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  • Broken?Notes toward 2067
  • Eva-Lynn Jagoe

As academics, activists, and artists, the signatories of "Staying with the Breaks" and I are engaged in the urgent need to respond to anthropogenic climate change. We share similar intellectual formations and languages. Our engagement with critical theory, cultural studies, philosophy, history, and political struggle displays significant overlaps. In other words, their response to my essay does not demonstrate an intellectual or ideological disagreement. It is not a denial of my claims about climate change or a defense of entrepreneurial capitalism against my critique of it, nor is it a diatribe against me as a social justice warrior of postmodernism. What, then, is it?

My belief is that their response enacts what my essay addresses: the difficulty of praxis across political lines. I am speaking not just about the obvious chasms between Right and Left but also the lines that divide the contemporary Left. In my call for a solidarity that is not based on sameness but that attempts to "jump the breaks" between differences, I speak about the form of accumulative possessive individualism that undermines political collectivity and emancipation. I draw upon scholars such as Jodi Dean, Nancy Fraser, Eve Kosofsky Sedgwick, Gayatri Spivak, Angela Davis, and Judith Butler, all of whom address the fractures that have vexed progressive politics for decades. Though I cite others, I write from a vulnerable and intimate first-person position because I do not believe that I am outside of the dominant ideologies that I seek to [End Page 176] address. I point my finger first and foremost at myself, acknowledging my limitations and biases and exposing my own anxieties about possessive individualism, generational misunderstandings, and the urgent need for a timely response to impending devastation.

Though I am disappointed by the ad hominem nature of "Staying with the Breaks," I appreciate what I have learned from it. The signatories are articulate writers, and I am grateful for the wording of their call for "a more militant universalism adequate to the challenge of confronting and transforming this world [that] might require the embrace of a heterogenous, uneven, and uncontainable form of collectivity that develops out of, not despite, difference." This is a cogent and more articulate way of stating what I tried to work through in the final section of my essay, in which I took the risk of imagining a solidarity across heterogeneity, difference, and disagreement.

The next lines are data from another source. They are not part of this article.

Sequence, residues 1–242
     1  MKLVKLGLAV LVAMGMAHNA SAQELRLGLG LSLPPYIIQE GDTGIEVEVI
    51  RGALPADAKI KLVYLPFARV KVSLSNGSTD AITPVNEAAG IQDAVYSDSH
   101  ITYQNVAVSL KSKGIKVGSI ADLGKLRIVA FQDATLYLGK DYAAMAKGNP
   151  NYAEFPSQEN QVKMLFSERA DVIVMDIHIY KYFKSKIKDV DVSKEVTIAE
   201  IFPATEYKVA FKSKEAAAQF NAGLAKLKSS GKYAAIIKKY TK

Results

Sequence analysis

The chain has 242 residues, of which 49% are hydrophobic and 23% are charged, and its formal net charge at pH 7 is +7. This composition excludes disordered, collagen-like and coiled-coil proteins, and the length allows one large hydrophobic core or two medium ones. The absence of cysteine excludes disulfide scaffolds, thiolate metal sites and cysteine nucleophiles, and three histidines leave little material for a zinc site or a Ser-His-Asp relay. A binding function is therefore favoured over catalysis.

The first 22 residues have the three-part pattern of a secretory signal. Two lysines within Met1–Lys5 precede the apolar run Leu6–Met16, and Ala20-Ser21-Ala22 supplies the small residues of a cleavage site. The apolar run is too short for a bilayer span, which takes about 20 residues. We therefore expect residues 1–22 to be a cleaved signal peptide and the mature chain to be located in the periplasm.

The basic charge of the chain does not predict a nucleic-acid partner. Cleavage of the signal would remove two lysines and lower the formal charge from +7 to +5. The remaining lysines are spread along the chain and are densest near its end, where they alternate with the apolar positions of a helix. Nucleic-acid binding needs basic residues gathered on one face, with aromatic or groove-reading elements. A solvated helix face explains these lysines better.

What is at issue in our debate is the question of how politics is performed. A politics of solidarity is about creating a space in which individuals can be challenged and accepted at the same time. Practices of sociality and collegiality can start from a place of generosity and willingness to learn from each other. This allows for dialogue as well as dissensus. The signatories describe their commitment to building such political capacity through collective action and praxis. However, their response is based on critique as exclusion—in which people can be dismissed or shamed because of their supposed "uninterrogated whiteness" or fear of "contamination." The signatories are, in my reading of their personalized argument, closing themselves off from the challenges and discomfort that other people can pose. This does not constitute the goal of political action.

This response did not surprise me, since its mode of exclusionary critique was already apparent in the behaviour of the signatories as they participated in the five-week residency Banff Research in Culture (BRiC) 2017. BRiC, which has run nine consecutive years, aims to bring together a wide range of people across disciplines from different geographic locations and levels of experience and provides a subsidized situation in which participants can work with one another on the constitution of new ideas. As a coorganizer, I have a role in selecting participants from a large pool of qualified applicants, so I am always eager to get to work with the participants, whose stimulating proposals I admire and respect. The problems that ensued because of the 2017 group's actions cannot be discussed in a public forum, but suffice it to say that they had deep repercussions for the program and for the Banff Centre for Arts and Creativity. [End Page 177]

As I wrote...


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pp. 176-180
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